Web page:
reading in meaningful units 54% 64%

using scanning and skimming 16% 96%

recognizing organizational patterns 50% 90%

distinguishing general statements from specific details 17% 97%

Inference and conclusion 46% 86%

Evaluation and appreciation 50% 100%

I learned at High school


doing exercises of the book 100%

learning rules 30%


by learning dialogues by heart 100%

by retelling the reading texts 100%

by discussing in the class 81%

by asking and answering questions 93%

role plays 21%

Speaking to natives 18%


writing sentences 100%

fill in exercises 100%

finishing a story 54%

write a new story 47%

write essays 100%


by listening to tapes 80%


Лингвистика и перевод

by listening to videos 11%

by listening to the radio, films 39%

From the analysis of the data taken from these questionnaires we see that our teacher students have been exposed to many teacher guided exercises and the lessons have been teacher centered. Most of them learned vocabulary by heart (100 %), by writing the word down (93%) ,by writing sentences (96%) and the other strategies are less used. At university they use more advanced strategies. In most cases vocabulary learning is incidental .100% learn by reading a lot. The same picture is with reading, writing, speaking, listening and grammar. There is a mismatch between the strategies they have used, which are a mirror to the teaching they have been exposed to, and the teacher competences they mark. The latter shows that our students feel that language students need more student centered activities.

Results of Research

The data collection showed that the interviews with teacher students and observations in classes have shown that content knowledge and knowledge of general principles of pedagogy are not sufficient for training effective language teachers. Teachers rely far more on the teaching styles they have experienced as learners than on the theory or even the practical knowledge they encounter in teacher education programs. Because lecture-based teaching is common in universities future secondary teachers may be led to believe that lectures are effective for all students. They also are not able to tailor their lesson to individual needs of the students, because they have not be exposed to this way of teaching. Teacher educators must be concerned with preparing future teachers to implement reform by exposing them in their own formal learning to teaching styles that support reform. Courses organized through readings, reflective writing assignments, lesson observations, peer teaching, and classroom discussion will help faculty and teacher students to manage large, mixed ability classes.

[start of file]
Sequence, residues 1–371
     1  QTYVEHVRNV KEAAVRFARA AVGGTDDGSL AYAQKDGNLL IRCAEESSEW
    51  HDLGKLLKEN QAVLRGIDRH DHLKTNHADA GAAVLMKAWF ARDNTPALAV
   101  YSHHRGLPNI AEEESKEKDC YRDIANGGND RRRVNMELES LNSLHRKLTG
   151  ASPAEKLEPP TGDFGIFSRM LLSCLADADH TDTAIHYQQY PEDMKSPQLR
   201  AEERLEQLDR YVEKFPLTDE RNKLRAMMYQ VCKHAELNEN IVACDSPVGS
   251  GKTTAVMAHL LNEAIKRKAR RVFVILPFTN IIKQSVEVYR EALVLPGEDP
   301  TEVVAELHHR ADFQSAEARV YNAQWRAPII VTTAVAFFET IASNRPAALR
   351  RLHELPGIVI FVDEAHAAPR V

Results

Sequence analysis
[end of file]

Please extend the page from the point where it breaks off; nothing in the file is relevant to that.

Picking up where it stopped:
Based on our needs we have improved our curricula which are based on four main strands. The first strand aims to train prospective teachers who need to be responsive to and respectful of the diversity of the students in their classrooms; to prepare the teacher students to work with


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adolescents and young adult learners in a wide range of settings by providing them with knowledge and skills to modify programs, instruction and assessment for students with varied needs; for general curriculum development, specific classroom instruction, or for evaluating student achievement. The courses taught are Teaching methods, Critical thinking, Developmental Psychology, Curriculum development, Class Management and Assessment and Evaluation. It makes up 25 %.or 30 credits.

The second strand concerns specialized content courses which aim to produce highly competent teachers in English teaching. Ann Barnes (2002) writes ‘Modern foreign language (MFL) teaching, however, requires not only that teachers have the language proficiency to provide an effective language model to pupils but also the pedagogic competence to exploit this proficiency in the service of pupil learning.

Courses offered provide students with an overview of the theory and practice of FL teaching in the secondary schools and give them knowledge and skills to integrate assessment into daily teaching practice; develop a broad repertoire of teaching practices; use available technology effectively; draw upon a variety of classroom management techniques. This strand makes up 28 % of the program, or 36 credits

The third strand Internship makes up 10 % of the program. It enables teacher students to have diverse sets of experiences throughout an entire school term in addition to observation and practice teaching. (staff meetings, parent-teacher meetings and extra-curricular activities). Its assessment will be performance based one including mentor evaluation, portfolio. These are new practices and need careful planning, guiding and monitoring by teacher trainers.